How hackers use the World Cup and Chelsea Clinton to steal your data
Malware remains cybersecurity's biggest boogyman
EDITOR's NOTE: This is part two of a two-part story on cybersecurity issues.
Click here for part one
Last year saw a substantial upswing in malware; it was a factor in 94 percent of all data lost, according to Verizon’s Data Breach Investigations Report for 2010.
And the malware most often used is the SQL injection attack or an injection of malware after the attacker has root access to a system. Both methods can evade antivirus software and other traditional detection methods.
In its recently released “2010 Midyear Security Report,” Cisco Systems Inc. noted “an uptick in generalized SQL injection attacks, culminating with a June 2010 re-emergence of Asprox [a Trojan that wrought havoc on the United Kingdom government and computer systems two years ago].”
Analysis “revealed that attackers had begun reconnaissance sweeps looking for susceptible SQL servers starting in late March 2010,” blogged Mary Landesman, market intelligence manager for ScanSafe, a Web security solution provider Cisco acquired last December.
Reconnaissance sweeps, which can indicate network mapping, are normal when generated from in a network. The same activity generated from outside a network is suspect, especially as about 51 percent of the injected malware is installed by a remote attacker, the Verizon report said.
Attackers will use different methods to get into a system, with numerous gambits exploiting Web browsers. “In so-called man-in-the-browser attacks, cyber attackers can exploit the ability of browsers to access the network stack on the host machines and get to the data before it’s been encrypted — that’s the goal,” said Enterprise Management Associates managing research director Scott Crawford.
Search engine results pages play a significant role in driving traffic to compromised Web sites. During the first quarter of 2010, the Cisco report said, “7.4 percent of all Web-based malware encounters resulted from search engine queries, and nearly 90 percent of all Asprox encounters in June 2010 were the result of links in search engine results page."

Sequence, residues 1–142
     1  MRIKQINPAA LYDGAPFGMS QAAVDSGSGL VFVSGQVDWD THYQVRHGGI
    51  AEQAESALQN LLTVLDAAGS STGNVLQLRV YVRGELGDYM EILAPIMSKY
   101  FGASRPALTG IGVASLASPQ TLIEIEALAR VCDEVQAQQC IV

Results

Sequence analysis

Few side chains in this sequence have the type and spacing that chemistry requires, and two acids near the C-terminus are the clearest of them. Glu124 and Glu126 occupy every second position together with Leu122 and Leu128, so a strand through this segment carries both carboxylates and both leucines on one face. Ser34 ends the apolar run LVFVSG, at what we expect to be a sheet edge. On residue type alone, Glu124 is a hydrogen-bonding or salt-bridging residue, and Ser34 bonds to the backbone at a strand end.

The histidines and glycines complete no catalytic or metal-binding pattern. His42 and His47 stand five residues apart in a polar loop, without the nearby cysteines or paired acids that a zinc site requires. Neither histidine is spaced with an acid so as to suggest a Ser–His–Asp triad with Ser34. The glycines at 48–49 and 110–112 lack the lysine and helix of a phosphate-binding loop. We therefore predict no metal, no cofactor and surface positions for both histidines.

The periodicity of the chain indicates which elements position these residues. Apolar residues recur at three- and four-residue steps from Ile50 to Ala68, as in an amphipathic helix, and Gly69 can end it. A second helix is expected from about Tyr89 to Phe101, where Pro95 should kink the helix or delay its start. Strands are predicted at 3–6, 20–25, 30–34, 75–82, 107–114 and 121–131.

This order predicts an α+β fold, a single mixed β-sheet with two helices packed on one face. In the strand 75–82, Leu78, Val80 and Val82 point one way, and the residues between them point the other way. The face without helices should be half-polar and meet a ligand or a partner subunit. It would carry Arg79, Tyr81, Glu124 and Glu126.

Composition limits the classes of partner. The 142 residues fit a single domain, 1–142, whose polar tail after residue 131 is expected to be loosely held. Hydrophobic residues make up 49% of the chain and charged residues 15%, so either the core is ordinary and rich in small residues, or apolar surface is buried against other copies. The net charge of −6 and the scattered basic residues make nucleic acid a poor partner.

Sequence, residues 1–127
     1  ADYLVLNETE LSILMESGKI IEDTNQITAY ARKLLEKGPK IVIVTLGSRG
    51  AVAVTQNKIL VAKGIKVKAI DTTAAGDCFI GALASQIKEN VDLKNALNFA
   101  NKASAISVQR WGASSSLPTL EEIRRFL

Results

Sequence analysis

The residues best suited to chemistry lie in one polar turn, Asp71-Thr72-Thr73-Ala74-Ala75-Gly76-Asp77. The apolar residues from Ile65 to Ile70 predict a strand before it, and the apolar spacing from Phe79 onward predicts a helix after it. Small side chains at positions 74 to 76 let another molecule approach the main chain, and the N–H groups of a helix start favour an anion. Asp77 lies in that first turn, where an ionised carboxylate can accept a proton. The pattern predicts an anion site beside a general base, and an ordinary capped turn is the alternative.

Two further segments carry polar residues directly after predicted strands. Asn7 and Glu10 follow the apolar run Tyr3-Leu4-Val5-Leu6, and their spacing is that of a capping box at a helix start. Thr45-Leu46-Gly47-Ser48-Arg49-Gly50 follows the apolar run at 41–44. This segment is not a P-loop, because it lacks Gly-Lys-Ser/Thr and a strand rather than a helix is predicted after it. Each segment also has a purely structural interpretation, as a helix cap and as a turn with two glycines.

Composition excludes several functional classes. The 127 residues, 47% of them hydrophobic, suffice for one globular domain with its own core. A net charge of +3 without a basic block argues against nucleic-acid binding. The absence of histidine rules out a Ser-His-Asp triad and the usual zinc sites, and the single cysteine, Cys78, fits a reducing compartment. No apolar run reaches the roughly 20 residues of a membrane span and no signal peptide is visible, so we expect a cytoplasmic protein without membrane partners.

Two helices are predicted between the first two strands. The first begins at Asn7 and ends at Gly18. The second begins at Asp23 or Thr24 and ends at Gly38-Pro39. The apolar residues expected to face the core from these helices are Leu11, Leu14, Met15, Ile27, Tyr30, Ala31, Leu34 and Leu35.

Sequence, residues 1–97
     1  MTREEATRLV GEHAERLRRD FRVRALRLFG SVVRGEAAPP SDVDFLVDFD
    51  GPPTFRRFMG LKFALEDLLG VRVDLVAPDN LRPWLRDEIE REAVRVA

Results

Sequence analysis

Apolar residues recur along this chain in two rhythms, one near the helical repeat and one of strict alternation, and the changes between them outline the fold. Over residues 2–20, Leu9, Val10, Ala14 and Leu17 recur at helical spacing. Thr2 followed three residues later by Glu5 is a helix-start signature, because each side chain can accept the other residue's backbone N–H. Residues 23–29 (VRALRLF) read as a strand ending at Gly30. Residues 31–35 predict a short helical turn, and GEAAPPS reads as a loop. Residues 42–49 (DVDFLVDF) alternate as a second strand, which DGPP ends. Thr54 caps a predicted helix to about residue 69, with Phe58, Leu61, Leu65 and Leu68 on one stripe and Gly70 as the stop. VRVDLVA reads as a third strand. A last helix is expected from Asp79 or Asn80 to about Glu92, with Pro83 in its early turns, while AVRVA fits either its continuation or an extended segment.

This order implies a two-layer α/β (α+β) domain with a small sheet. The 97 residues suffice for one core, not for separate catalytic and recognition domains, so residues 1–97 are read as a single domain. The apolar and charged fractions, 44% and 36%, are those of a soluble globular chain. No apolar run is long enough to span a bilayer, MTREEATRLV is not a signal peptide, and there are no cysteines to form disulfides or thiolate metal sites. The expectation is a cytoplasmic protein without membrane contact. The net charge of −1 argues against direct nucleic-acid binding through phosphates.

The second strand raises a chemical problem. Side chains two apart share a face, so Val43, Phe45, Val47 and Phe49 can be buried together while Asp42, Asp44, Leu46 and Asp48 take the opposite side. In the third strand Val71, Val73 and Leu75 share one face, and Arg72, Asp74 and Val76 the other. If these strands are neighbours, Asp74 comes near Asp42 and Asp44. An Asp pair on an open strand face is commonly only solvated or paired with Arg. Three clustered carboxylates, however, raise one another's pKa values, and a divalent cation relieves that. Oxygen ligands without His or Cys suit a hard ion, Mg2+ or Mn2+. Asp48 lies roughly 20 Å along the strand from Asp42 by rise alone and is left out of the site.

For example, recent Internet searches for Chelsea Clinton and wedding would turn up links to several such sites. Clicking on the link would take a user to a site warning of a malware infection and offering to remove it. Before Chelsea Clinton’s wedding, it was the World Cup, said the lead author of the report, Wade Baker, Verizon Business director of risk intelligence. “They’ll use the headlines of the day as bait. The malware will install itself on the user’s desktop or laptop, then dial out to another machine and say, ‘I’ve infected this organization, come do something.’ ”
That could be “a back door that might open a port on the machine or perhaps a key logger to steal user names or passwords to access the system, or it could make the desktop part of a botnet and start sending out spam or host illegal software,” Baker said. “Users are too willing to click on links.”
And daily, the number of gambits multiply. For example, Baker said, “Twitter uses URL shorteners to help keep Twitter messages short. Attackers have picked up on that because you can put anything behind a shortened URL and not know where in the world it goes to.”
Attackers shop to drop victims
In an appendix to the Verizon DBIR report, the Secret Service, the only Homeland Security Department entity authorized to investigate computer fraud, warns of an increasingly sophisticated cybercrime community.
“Criminals are surprisingly adaptive in developing entire new categories of online schemes,” the Secret Service writes. One example is the booming fake antivirus business. Users get bogus alerts designed to trick them into buying software that supposedly will protect their systems, but which is completely useless. While hardly new, the number of such scams jumped in 2008 and now comprise a significant percentage of all malware, the appendix said.